Draconian – Under a Godless Veil (2020) – Review

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A few months after the RockmusicRaider blog really took off, Draconian‘s Sovran happened. This is probably THE record that shaped our take on Doom and Gothic Metal in any significant way. And way more than their famous brethren Paradise Lost or My Dying Bride ever would.

Chiefly, Sovran impressed us with this sludgy heaviness. This sepulchral march towards the ultimate state of sadness. Something that immediately connects with your inner sorrow. But it is also true that this record was and still is relatively close to the aforementioned two of the Peaceville Three and distinct Melodic Death Metal masters.

So, how will their newest release Under a Godless Veil shape up?

Well, right off the bat, the band leaves no doubt that this is Draconian. Heike Langhans still sounds like a lighter, somewhat ethereal version of Sharon den Adel of an earlier era at times. And their tune still freely dispenses this Insomnium-style Melodic Death Metal thing as if they invented it.

Yet, the Peaceville Three have pretty much left the building. And a lighter air greets the musical traveler of those tear-drenched plains. Doom is not out the door, far from it. But the gothic component of the band’s formula to success truly took a hike. And they kinda upped the ante on that Beauty and the Beast game, too. Not something I have seen lately this side of older Leaves’ Eyes records.

It’s refreshing to see that some bands still subtly improve their style without going overboard. This lack of heaviness might not be to the taste of everybody, though. Yet, this crew here kinda took a fancy to that often very gothic approach the band took on Under a Godless Veil.

Already Sorrow of Sophia sold our unholy souls to the gods of doom. This is one tasty mix somewhere in between a Gothic tableau of Victorian tastes and the steady, heavy flow of glum melancholia. I guess it’s this artfully done mélange of Langhans‘ finely chiseled ethereal wails and Anders Jacobsson‘s growls that adds a tad more substance to the tune.

And that’s the essence of this record right there. Thoughtfully arranged strings, fairly meaty metal riffs, and the scarce solo aside, these two do carry the flag for Draconian. The chemistry seems to fit, at least on the recording. And Under a Godless Veil would lose a lot of its allure if those two vocalists would not be there.

Yet here’s the thing. Clocking at a trifle more than one hour in airplay, the album sometimes feels a bit overstretched. With the exception of The Sethian, Draconian starts to lose a bit of that slow-marching grit as of the second half. One that they so ardently built to boot. Or in other words, instead of having my earphones glued to my ears throughout, my mind wandered away at times. And that’s not a good sign. Especially when the record tries hard to finish with that bouquet on Ascend To Darkness, but somehow fails to build enough momentum.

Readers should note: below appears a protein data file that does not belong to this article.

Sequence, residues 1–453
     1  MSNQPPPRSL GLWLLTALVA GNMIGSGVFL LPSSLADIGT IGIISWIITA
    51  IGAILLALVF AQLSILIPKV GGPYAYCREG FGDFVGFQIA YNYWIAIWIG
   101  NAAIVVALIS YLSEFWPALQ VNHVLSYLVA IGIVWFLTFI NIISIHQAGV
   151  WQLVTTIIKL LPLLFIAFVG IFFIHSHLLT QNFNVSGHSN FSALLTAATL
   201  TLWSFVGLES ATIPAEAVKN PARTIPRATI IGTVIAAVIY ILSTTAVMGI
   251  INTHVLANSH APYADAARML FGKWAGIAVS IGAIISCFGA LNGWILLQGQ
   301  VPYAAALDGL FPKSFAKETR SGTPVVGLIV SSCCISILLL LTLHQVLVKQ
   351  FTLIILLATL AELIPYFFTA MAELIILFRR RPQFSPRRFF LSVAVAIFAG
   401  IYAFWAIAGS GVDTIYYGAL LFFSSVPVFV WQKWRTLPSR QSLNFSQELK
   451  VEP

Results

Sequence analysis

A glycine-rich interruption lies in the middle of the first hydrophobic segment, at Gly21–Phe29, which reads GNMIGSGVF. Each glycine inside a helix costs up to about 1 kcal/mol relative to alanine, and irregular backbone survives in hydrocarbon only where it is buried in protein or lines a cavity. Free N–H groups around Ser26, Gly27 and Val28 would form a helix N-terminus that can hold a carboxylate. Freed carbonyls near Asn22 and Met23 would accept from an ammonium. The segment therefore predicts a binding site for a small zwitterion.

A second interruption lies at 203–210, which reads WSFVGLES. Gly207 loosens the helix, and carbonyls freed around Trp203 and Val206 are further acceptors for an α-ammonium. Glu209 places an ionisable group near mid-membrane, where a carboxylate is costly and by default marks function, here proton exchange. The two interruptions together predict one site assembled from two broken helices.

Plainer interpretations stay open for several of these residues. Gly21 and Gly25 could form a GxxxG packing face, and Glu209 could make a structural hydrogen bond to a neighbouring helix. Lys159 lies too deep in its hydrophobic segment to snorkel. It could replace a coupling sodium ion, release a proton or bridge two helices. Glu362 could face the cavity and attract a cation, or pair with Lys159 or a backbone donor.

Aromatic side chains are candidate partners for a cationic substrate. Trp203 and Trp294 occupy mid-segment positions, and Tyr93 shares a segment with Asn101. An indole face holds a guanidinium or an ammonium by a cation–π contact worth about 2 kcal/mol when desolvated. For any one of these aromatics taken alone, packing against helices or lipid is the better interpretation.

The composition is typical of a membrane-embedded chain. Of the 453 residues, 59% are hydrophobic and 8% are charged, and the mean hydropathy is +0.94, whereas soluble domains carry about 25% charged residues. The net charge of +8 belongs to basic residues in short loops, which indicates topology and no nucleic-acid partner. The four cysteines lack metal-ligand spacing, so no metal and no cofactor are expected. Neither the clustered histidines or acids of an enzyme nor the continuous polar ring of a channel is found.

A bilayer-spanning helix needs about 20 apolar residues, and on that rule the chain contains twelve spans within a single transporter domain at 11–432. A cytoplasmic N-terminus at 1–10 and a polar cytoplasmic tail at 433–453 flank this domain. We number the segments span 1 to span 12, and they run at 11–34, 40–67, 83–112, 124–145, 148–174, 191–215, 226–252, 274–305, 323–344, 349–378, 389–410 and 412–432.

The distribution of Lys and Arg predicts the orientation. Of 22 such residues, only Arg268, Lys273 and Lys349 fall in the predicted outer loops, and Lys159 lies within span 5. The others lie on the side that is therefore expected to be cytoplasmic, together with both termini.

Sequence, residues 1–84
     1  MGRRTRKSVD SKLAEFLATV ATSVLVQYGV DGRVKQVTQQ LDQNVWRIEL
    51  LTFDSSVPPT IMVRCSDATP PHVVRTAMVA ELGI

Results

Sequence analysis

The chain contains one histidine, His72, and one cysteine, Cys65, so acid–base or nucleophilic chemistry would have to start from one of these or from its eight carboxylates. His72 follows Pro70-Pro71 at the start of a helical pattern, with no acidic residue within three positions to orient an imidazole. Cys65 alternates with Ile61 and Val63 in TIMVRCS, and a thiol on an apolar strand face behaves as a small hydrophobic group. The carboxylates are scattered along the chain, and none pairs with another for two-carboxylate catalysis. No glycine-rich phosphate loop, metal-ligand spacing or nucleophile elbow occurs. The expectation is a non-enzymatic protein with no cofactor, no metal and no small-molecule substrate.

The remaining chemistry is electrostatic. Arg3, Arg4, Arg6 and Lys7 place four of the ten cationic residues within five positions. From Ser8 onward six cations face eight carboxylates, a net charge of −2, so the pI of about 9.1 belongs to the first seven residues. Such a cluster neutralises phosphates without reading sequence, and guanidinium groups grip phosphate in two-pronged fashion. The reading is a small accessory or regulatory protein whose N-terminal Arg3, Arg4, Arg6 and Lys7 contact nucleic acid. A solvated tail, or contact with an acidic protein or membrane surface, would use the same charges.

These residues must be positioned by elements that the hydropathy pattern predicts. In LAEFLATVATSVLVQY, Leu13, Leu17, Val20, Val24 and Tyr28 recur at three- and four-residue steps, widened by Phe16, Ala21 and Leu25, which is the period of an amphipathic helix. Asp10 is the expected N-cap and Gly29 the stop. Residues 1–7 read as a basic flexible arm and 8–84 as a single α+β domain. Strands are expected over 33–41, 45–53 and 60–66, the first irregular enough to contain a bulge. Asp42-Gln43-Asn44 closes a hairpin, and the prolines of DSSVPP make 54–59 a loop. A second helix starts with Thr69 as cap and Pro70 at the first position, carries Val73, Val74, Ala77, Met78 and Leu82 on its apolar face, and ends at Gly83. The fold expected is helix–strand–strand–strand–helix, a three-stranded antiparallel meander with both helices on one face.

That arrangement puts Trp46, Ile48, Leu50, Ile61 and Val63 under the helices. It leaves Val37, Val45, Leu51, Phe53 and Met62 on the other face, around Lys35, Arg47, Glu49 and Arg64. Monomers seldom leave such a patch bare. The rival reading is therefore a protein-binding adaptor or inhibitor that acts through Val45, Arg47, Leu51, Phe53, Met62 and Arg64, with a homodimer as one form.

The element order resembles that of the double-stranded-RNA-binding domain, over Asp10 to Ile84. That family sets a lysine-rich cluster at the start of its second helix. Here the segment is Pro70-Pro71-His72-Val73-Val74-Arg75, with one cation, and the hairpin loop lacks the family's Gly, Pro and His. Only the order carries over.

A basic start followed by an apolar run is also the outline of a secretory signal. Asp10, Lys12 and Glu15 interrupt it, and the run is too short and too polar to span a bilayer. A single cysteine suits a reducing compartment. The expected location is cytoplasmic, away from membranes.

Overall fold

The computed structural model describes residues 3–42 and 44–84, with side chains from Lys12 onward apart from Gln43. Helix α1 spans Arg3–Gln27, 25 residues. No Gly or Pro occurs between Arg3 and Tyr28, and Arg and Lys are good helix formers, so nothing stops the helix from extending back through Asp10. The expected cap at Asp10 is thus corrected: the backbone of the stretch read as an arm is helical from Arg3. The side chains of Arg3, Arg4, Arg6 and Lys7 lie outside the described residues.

But let’s not forget the gems. The Sacrificial Flame is so full of true doom that it almost brought that taste of the Peaceville folks back. But it is Jacobsson‘s strained gowls and those painful monologues that really ramped up the depression there. Sleepwalkers indeed arouses this dread of loneliness haunted by the awful terrors of endless nightmares. You know, those that somehow keep on going and you can’t leave for some reason. But once the meaty beats of Moon Over Sabaoth try to slowly smash you to pieces, you finally start to drown in this ocean of mourning.

You see, none of the tracks on Under a Godless Veil really stand out. Instead, they’re all part of that finely arranged sorrowful web of misty female vocals, tasty growls, some clear voice vocals, and stylish riff work that cements this all together. Even if the thirst for a few true and substantial solos increased to ever greater levels as the record progressed.

Draconian truly managed to maintain their identity, not only by name but by holding on to their unique sound of Gothic and Doom Death Metal. And by increasing the goth part together with a pretty decent flow, they also severely darkened their offering. A subtle change to their former album that surely works to their advantage.

To the point that we started to throw salt over our shoulders to ward off bad spirits. And that’s a good sign right there, right? The darkness and wretched misery finally gripped us with its icy cold claws, as is the wont of this record.

Mission accomplished.

Record Rating: 7/10 | LabelNapalm Records | Web: Official Band Site
Release Date: 30 October 2020

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